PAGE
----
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Hypothesis Testing With Two Samples

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10.9 A problem with a telephone line that prevents a customer from receiving or making calls is disconcerting to
both the customer and the telephone company. The data in the file PHONE represent samples of 20 problems reported to two different offices of a telephone company and the time to clear these problems (in minutes) from the customers' lines:

Central Office I Time to Clear Problems (minutes)
1.48 1.75 0.78 2.85 0.52 1.60 4.15 3.97 1.48 3.10
1.02 0.53 0.93 1.60 0.80 1.05 6.32 3.93 5.45 0.97
Central Office II Time to Clear Problems (minutes)
7.55 3.75 0.10 1.10 0.60 0.52 3.30 2.10 0.58 4.02
3.75 0.65 1.92 0.60 1.53 4.23 0.08 1.48 1.65 0.72

a. Assuming that the population variances from both offices are equal, is there evidence of a difference in the mean waiting time between the two offices? (use alpha = 0.05.)
b. Find the p-value in (a) and interpret its meaning.
c. What other assumption is necessary in (a)?

10.11 Digital cameras have taken over the majority of the point-and-shoot camera market. One of the important features of a camera is the battery life as measured by the number of shots taken until the battery needs to be recharged.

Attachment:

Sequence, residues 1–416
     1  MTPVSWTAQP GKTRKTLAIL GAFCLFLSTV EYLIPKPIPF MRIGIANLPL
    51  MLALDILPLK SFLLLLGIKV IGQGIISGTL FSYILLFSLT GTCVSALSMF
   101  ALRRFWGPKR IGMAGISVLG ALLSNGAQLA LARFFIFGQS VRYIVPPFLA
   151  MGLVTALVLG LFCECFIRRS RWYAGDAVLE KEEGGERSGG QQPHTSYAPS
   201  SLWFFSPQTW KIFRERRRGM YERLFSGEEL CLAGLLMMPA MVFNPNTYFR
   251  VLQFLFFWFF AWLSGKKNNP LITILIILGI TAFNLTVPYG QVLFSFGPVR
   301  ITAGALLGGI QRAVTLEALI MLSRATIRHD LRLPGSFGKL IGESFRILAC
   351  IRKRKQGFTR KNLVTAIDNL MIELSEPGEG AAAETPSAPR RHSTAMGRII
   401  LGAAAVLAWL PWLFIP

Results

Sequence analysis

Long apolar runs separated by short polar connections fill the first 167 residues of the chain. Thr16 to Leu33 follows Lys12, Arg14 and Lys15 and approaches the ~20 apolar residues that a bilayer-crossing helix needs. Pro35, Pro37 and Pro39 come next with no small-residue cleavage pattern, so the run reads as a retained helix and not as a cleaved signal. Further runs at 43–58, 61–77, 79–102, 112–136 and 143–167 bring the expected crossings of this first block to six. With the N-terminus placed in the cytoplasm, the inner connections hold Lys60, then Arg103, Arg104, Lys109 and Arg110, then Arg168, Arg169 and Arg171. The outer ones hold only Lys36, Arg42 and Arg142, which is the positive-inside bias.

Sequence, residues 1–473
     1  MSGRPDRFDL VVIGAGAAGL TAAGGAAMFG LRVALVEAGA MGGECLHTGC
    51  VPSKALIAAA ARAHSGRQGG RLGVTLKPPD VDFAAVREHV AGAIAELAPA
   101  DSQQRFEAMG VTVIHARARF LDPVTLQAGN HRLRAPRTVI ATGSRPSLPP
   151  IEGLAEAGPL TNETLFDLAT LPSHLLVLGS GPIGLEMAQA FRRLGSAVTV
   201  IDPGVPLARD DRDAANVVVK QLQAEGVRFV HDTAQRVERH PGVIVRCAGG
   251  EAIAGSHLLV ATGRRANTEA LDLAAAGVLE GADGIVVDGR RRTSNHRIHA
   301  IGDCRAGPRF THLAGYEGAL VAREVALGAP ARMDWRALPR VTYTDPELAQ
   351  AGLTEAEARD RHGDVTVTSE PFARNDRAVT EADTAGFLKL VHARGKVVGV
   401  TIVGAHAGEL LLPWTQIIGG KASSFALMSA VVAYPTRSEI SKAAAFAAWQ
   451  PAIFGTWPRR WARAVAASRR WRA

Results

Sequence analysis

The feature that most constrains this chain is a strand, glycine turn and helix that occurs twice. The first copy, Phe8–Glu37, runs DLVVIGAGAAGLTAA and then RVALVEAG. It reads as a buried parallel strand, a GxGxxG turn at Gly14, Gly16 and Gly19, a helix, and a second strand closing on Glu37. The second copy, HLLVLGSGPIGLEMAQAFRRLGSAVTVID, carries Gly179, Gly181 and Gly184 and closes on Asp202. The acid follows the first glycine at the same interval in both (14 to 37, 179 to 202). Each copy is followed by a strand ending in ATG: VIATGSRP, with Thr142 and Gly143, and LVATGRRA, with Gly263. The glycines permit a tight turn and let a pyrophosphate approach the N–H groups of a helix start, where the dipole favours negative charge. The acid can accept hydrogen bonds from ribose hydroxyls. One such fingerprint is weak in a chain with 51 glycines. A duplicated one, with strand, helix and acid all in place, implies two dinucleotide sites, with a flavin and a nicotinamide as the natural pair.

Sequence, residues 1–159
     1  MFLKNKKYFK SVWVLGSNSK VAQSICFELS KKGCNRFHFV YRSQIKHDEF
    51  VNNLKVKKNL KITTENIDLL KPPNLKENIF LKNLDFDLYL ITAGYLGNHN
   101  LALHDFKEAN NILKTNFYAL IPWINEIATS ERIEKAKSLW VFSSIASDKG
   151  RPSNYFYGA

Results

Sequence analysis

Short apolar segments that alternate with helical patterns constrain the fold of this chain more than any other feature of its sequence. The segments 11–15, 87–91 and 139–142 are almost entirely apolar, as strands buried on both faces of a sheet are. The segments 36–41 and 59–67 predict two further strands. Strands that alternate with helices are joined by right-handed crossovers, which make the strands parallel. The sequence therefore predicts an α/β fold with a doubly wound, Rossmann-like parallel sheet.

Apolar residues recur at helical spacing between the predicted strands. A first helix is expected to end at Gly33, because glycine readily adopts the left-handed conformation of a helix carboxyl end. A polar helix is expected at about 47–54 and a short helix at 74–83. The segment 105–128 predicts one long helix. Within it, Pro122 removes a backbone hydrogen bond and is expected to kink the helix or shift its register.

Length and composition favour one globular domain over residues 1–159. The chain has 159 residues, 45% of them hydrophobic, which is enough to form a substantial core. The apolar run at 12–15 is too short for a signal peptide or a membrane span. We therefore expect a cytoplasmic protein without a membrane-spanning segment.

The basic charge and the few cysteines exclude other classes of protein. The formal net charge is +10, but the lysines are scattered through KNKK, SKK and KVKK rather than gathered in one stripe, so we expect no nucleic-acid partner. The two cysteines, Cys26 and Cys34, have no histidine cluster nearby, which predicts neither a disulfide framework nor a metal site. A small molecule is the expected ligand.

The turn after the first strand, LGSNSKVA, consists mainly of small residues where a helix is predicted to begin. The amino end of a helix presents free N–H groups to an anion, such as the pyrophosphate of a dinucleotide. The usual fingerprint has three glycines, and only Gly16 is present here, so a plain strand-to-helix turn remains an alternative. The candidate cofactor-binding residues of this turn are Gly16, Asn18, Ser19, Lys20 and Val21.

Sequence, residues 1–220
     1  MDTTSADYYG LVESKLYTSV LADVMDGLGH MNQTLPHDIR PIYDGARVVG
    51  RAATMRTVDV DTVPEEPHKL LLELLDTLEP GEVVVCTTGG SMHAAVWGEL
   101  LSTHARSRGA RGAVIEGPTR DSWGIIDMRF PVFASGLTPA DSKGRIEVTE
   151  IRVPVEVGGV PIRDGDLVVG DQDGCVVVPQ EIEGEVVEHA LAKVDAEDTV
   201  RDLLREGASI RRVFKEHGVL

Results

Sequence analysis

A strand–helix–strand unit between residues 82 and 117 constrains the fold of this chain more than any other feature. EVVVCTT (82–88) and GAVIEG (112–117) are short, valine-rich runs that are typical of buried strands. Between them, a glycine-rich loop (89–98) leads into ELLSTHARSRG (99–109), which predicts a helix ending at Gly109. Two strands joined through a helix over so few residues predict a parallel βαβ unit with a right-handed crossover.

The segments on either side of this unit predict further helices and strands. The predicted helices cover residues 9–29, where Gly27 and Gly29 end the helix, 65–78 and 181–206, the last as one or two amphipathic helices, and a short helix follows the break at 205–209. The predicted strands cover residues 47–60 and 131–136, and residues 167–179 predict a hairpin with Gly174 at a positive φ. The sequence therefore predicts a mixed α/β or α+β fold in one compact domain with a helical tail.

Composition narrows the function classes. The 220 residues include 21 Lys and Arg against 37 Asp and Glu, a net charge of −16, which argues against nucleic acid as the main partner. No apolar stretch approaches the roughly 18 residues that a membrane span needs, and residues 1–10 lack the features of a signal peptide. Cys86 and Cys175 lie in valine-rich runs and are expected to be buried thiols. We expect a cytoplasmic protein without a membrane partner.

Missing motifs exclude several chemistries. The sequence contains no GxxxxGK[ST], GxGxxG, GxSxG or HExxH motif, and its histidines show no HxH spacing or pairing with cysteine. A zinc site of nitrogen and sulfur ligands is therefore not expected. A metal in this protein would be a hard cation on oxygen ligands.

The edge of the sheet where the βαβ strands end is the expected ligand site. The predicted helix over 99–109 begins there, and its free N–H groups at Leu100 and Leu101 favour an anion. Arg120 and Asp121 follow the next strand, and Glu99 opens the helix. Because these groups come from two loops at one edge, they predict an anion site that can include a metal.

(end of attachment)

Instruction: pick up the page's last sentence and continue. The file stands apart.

The data in the file Digitalcameras contain the battery life of 31 subcompact cameras and 15 compact cameras (data extracted from "Cameras," Consumer Reports, November 2006, pp. 20-21).

a. Assuming that the population variances from both types of digital cameras are equal, is there evidence of a difference in the mean battery life between the two types of digital cameras.
b. Determine the p-value in (a) and interpret its meaning.

10.21 In industrial settings, alternative methods often exist for measuring variables of interest. The data in the file Measurement (coded to maintain confidentiality) represent measurements in-line that were collected from an analyzer during the production process and from an analytical lab (extracted from M. Leitnaker, "Comparing Measurement Processes: In-line Versus Analytical Measurements," Quality Engineering, 13, 2000-2001, pp. 293-298).

a. At the 0.05 level of significance, is there evidence of a difference in the mean measurements in-line and from an analytical lab?
b. What assumption is necessary about the population distribution in order to perform this test?

10.23 A newspaper article discussed the opening of a Whole Foods Market in the Time-Warner building in New York City. The following data (stored in the file Wholefoods1) compared the prices of some kitchen staples at the new Whole Foods Market and at the Fairway supermarket located about 15 blocks from the Time-Warner building:

a. At the 0.01 level of significance, is there evidence that the mean price is higher at Whole Foods Market than at the Fairway supermarket?
b. Interpret the meaning of the p-value in (a).
c. What assumption is necessary about the population distribution in order to perform the test in (a)?

10.49 The director of training for a company that manufactures electronic equipment is interested in determining